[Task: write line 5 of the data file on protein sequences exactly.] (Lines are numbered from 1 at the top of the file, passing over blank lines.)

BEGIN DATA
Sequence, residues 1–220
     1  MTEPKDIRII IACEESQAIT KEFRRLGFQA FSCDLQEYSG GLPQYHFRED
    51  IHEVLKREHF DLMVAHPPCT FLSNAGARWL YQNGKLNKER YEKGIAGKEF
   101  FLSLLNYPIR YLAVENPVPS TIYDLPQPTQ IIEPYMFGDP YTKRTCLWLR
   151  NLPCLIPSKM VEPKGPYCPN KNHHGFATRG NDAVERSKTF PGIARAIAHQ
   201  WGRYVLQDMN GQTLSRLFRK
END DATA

   151  NLPCLIPSKM VEPKGPYCPN KNHHGFATRG NDAVERSKTF PGIARAIAHQ